"Most recently, I launched The Richard Rose Report to give back to the hemp community and keep my mind active."


HLLV: "You've gained some notable media exposure during your career for many of your hemp products and companies. What are some of your most memorable media appearances?"


On The Roseanne Show in 1999, we made a HempNut potato salad. Roseanne and I were both dressed head to toe in hemp! The Tonight Show with Jay Leno did a handful of jokes about me and my products, including a skit with Tommy Chong.

RR: "On The Roseanne Show in 1999, we made a HempNut potato salad. Roseanne and I were both dressed head to toe in hemp! The Tonight Show with Jay Leno did a handful of jokes about me and my products, including a skit with Tommy Chong. There was also coverage by CNN and in Rolling Stone Magazine, New York Times, Details Magazine, Better Homes and Gardens, High Times, and several hundred newspapers.


"In 1995, we spent more than $230,000 on PR and advertising to make hemp foods a thing. That's why so many jumped in. We made it look bigger than it actually was to drive consumer acceptance of a new food made from marijuana's non-stony cousin. Only after HempNut, Inc. won its first three awards for hemp product innovation in 1997 did today's companies get inspired by this business model."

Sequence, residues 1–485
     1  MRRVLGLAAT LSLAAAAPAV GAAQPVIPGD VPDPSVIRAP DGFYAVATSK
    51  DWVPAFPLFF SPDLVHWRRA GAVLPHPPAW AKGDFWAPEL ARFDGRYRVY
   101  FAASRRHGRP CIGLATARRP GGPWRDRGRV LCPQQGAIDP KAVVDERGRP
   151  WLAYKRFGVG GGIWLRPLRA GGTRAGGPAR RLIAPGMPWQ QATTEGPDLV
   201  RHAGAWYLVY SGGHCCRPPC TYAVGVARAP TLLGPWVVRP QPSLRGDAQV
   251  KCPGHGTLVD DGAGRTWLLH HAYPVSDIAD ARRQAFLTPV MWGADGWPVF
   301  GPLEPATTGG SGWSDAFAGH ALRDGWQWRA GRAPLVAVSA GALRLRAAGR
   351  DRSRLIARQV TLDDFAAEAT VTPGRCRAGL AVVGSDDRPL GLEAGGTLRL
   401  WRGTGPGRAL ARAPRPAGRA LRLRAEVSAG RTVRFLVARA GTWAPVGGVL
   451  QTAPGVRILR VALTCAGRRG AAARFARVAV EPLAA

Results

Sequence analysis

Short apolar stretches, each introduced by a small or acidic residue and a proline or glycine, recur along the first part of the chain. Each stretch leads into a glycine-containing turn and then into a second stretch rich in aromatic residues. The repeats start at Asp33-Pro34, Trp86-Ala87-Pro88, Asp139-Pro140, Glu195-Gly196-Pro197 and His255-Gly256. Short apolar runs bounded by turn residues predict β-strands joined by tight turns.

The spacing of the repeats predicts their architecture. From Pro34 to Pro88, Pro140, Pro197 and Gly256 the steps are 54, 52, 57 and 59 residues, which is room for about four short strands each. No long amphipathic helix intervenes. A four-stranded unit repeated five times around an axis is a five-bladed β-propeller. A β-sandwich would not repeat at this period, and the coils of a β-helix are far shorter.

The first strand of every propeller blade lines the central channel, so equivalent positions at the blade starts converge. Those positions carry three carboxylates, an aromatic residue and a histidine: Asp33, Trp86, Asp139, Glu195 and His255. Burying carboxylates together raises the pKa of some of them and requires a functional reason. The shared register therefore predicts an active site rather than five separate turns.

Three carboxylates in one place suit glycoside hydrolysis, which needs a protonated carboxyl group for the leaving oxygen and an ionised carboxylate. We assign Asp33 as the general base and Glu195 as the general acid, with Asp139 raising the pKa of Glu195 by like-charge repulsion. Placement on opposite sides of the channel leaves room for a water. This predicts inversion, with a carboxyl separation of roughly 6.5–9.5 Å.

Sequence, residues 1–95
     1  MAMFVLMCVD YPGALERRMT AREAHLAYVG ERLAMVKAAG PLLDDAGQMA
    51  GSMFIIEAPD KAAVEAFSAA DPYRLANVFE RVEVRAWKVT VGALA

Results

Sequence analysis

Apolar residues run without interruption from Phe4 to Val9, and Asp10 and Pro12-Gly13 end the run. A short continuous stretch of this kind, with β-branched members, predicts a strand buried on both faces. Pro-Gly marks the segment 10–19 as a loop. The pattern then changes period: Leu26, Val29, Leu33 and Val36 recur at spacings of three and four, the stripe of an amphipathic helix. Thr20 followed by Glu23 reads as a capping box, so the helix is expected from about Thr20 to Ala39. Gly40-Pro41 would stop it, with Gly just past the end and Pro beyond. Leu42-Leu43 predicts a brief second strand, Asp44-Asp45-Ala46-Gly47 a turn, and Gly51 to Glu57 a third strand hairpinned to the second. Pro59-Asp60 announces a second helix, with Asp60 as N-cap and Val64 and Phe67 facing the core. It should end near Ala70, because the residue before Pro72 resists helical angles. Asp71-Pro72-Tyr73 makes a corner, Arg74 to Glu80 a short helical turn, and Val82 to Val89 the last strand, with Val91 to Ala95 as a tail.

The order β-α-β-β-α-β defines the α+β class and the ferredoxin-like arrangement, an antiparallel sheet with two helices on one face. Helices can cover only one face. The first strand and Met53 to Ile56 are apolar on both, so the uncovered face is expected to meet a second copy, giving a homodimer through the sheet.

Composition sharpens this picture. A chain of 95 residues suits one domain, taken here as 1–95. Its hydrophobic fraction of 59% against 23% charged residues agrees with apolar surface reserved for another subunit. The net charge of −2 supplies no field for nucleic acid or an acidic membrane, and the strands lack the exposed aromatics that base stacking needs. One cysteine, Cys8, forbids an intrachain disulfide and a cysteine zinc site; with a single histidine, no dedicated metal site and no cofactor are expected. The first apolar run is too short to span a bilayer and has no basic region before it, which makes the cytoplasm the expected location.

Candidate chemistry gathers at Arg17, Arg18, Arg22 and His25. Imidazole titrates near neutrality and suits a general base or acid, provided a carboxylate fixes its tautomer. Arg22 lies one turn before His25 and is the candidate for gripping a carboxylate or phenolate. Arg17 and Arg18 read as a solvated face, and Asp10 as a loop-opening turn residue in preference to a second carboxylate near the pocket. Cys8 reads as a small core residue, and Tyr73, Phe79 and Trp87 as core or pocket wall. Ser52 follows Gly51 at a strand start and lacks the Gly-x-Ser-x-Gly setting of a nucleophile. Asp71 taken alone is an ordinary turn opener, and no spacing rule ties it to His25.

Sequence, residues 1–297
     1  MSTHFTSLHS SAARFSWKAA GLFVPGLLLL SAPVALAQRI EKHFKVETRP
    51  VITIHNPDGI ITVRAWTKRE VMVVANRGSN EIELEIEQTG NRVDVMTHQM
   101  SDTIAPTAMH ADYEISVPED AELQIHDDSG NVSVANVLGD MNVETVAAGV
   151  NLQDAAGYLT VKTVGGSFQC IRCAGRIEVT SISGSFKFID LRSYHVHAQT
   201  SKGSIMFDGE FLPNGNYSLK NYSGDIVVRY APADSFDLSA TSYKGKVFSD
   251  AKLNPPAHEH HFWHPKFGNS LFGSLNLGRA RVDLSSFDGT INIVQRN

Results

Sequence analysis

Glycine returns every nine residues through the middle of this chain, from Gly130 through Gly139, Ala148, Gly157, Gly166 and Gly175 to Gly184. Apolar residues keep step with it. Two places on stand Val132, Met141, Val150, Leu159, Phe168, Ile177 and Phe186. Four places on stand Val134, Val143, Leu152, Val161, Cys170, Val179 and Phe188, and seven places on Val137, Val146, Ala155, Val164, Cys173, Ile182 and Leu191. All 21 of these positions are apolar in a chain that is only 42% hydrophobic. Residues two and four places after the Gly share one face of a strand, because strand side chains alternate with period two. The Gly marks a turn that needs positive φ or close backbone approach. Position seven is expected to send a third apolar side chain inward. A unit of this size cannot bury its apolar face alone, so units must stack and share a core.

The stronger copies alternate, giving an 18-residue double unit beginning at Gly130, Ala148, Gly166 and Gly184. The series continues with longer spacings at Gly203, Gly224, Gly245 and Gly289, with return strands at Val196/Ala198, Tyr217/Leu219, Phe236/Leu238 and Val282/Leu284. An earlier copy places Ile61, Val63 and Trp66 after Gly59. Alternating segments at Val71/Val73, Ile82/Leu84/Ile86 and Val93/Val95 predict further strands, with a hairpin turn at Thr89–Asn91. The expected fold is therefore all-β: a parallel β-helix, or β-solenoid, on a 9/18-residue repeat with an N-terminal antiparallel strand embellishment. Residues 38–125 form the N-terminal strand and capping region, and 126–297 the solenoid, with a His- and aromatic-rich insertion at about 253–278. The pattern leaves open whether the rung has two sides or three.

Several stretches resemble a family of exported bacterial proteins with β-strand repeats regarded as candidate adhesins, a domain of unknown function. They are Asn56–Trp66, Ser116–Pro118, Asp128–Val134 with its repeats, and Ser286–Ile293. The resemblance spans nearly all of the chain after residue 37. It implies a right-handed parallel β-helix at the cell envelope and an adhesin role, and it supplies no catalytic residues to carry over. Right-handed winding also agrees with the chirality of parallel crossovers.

Image courtesy Richard Rose


HLLV: "What advice would you give to the thousands of newcomers to the hemp industry, Richard, which has been analogized to a gold rush? Is there truly gold in those hemp hills for small businesses and solopreneurs?"


RR: "Today, while the field is still wide open, hemp suffers from misinformation. Those with the correct information are ignored, shouted down by those who are louder—but not smarter. Single farms can't muster the infrastructure investment necessary for the right agricultural equipment, processing services, and brand management.


"In Kentucky, four of the largest hemp companies went bankrupt, with one sucking as much as half a billion dollars out of the local economy. That was a failure of management, incentivized by the venture capitalists funding the project.


"CBD has a number of issues. Smokable hemp as well. Eventually China will own the CBD market, while smokable hemp has the potential to improve public health more dramatically than few other substances in history.